I don't disagree one bit with your use of disposable or even reusable pastry bags; however, with my average cookie project being 75 to 400 cookies, I find squeeze bottles that can be refilled over and over a better option. I don't even want to think about the number of disposable bags I would go through if I didn't have the squeeze bottle option!

    As always you managed to capture the information for your audience completely and beautifully with the addition of your lovely photos.

    I cannot wait to see the finished cookies!

    Much love,

    xo

    Janet

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  6. Like I said, Janet, I blame YOU! Heehee. It's good having these bottles in the pantry, to be honest, because they make sense. I don't like to have things or buy things that are gimmicky because we always get rid of them or get tired of them. At first, I thought squeeze bottles for icing were just that, but now I know better.

    I THANK YOU for giving me the 'nudge' to try these bottles. As for the dozens upon dozens of cookies that you create so wonderfully, I think I'll leave that to you! I would go nuts!

    LOL

    Bisous,
    David

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  7. I've always used bags as well.. even though I have the bottles. I've resisted using them "just because." With my next batch of decorated cookies, I'll give them a try.

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  8. Kenn,

    I know what you mean about resisting them. Give the bottles a try and see what you think.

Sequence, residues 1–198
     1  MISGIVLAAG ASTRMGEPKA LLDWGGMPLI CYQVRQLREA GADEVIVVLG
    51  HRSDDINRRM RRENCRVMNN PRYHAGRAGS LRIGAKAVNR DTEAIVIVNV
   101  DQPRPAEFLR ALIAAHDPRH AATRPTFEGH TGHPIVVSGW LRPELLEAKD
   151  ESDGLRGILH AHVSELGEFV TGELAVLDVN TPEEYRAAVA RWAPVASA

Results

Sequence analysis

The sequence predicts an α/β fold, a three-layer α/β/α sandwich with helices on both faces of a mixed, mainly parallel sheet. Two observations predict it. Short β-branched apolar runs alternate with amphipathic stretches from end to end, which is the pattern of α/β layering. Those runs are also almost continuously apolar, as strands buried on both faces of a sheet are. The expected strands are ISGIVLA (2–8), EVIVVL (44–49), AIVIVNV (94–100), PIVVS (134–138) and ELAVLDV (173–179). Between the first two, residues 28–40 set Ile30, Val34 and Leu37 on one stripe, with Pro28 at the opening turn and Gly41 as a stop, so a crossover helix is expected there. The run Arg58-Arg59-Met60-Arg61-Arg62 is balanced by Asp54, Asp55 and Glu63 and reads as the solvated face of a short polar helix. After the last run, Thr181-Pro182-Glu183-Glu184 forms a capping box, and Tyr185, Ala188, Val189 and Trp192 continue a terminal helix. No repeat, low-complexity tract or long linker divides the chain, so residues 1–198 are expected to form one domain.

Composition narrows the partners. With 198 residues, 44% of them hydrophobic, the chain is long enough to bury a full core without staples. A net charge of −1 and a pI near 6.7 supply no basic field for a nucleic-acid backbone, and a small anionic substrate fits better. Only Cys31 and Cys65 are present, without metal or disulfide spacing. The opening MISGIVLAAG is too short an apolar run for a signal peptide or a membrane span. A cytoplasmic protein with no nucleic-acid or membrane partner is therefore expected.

Something tells me you won't be abandoning the pastry bags altogether anytime soon.

    Have a great time decorating your cookies!

    David

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  9. Where did you buy your icing bottles here in the philippines?

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  10. I do not live in the Philippines, but rather in the United States.

    If you want to buy those amazing bottles, you really should get them from my friend's online store.

    Click below and look for squeeze bottles. She may ship internationally.

    www.ouisugar.squarespace.com

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  11. This is wonderful information. Thank you! What size squeeze bottles did you find easiest to use?

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  12. Terri, I have several bottles that I have used with great success.

    The small 2 oz. version is perfect for detailed work or if you're only using a small amount of a particular color on each cookie. The larger 8oz bottle is good for lots of flood work. Then the (ketchup size one), which is probably 12 oz. is good if you're flooding oversized cookies.

    I have to tell you though, as much as the squeeze bottles are handy, I still love a good piping bag.

    Happy decorating!